The new board will advise the Government on matters relating to BSL and of particular pertinence to deaf BSL signers, which will include helping to formulate the guidance under clause 3. I have instructed officials to consider the composition and remit of the board and will confirm the details by summer this year, when I hope to be able to seek nominations for members, who will be appointed by the Secretary of State for the Department for Work and Pensions. We are yet to determine the board’s terms of reference for the board, which might include publishing minutes and recommendations and we will involve the board of BSL signers in that process.
The third point of the hon. Member for Lewisham, Deptford touched on interpretation at covid press conferences. To be clear for the record, a judicial review on the matter found that the Government were meeting their obligations under the Equality Act for the covid briefings and have complied with the public sector equality duty. The court ruled that our policy of using on-screen BSL interpreters was lawful during the pandemic. There have been over 175 covid briefings to date, and only two were questioned because BSL was not provided on screen. The judge ruled that it is not a legal requirement to provide an in-person BSL interpreter, but we will continue to ensure provision of an on-screen interpreter. Our priority, like everyone’s in this Chamber, was to reach the largest-possible audience with important public information, and we will continue to ensure that BSL is made available in that regard.
The hon. Lady’s final point was about the particular wording of clause 1(2). I am a little disappointed that this matter has been brought up again on Third Reading as though it had not been dealt with in Committee and, indeed, on page 6 of the explanatory notes. It important to get it on the record today—in case we have to do this again—that we do not want to upset the balance of provisions in the Equality Act. I caution the hon. Lady about inciting anybody to tear down the Equality Act. Of course, I do not think that that is her intention, but that is where that line of logic could lead were she to use it again.
We must remember what a private Member’s Bill can achieve. The scope is limited, but none the less this is what such a Bill can achieve, and I do not think that someone would seek to tear down the Equality Act with a private Member’s Bill. Through the hon. Lady, I emphasise to Members of the other place who may be considering amendments that, at this stage in the Session, there is no time for amendments before Royal Assent. Without Royal Assent, there will be nothing, and I think our common aim is to pass this Bill and achieve something really important.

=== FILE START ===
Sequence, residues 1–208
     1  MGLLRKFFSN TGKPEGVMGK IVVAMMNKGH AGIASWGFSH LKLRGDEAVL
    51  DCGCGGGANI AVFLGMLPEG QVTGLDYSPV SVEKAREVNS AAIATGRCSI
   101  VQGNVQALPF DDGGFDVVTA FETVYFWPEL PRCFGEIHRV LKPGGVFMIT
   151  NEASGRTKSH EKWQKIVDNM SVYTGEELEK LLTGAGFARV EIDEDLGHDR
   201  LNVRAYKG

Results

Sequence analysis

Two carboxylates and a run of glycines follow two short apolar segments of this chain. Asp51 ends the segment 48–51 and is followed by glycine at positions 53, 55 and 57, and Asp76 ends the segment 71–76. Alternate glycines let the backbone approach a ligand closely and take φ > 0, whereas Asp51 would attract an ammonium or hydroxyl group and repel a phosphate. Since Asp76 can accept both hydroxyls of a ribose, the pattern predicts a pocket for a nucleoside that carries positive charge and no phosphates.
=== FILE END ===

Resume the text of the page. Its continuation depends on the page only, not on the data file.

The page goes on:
Perhaps I can say something on behalf of the House. It is not just those on the Treasury Bench who are saying to the other House, “Please do not table amendments—they will wreck the Bill”; it is this House that is saying that. We want this Bill on the statute book. If we delay it, it will not get on to the statute book, and that would be criminal.
I entirely endorse the point that my right hon. Friend has just underlined, which was made very clearly by the hon. Member for West Lancashire. It took an enormous amount of hard work, passion and perseverance to get us to this point, and we want to finish the job.
I am grateful for the constructive spirit in which everyone in the Chamber has worked to build cross-party consensus for the Bill. It will make real improvements to the communication options, and the lives, of deaf people. As has been said, however, even harder work is ahead of us. At this point I should thank my hon. Friend Peter Gibson for reminding us that there is a head of steam behind the Bill.
Finally, let me thank all the campaigners—including those involved in the BSL Act Now! Campaign—who have worked tirelessly to get us to this point, alongside the hon. Member for West Lancashire, and thank Members on both sides of the House for their support. I hope we can all agree that today has been a victory for everyone involved, and also that there is more work to be done. I am proud of what we have achieved together with this Bill. We wish it well in the other place, and we look forward to the change that it will bring.
With the leave of the House, I should like to make a few very short remarks.
A Bill similar to mine failed in 2014. Deaf people have waited for this for so long. We are on the point of delivering a huge difference for each and every one of them. For goodness sake, I can almost feel deaf people across the country, and in Trafalgar Square saying, “We are here, we are at the point, stop nitpicking and move on! Please, House of Lords, no amendments—there is no time for them! Give us our voice! for God’s sake, please stop it—just move on!” This is not quite British Sign Language, but it is very simple. On behalf of all those deaf people, all those organisations for the deaf, all the individuals who have helped this House and, please God, the other place—thank you. [In British Sign Language: “Thank you.”]
Question put and agreed to.
Bill accordingly read the Third time and passed.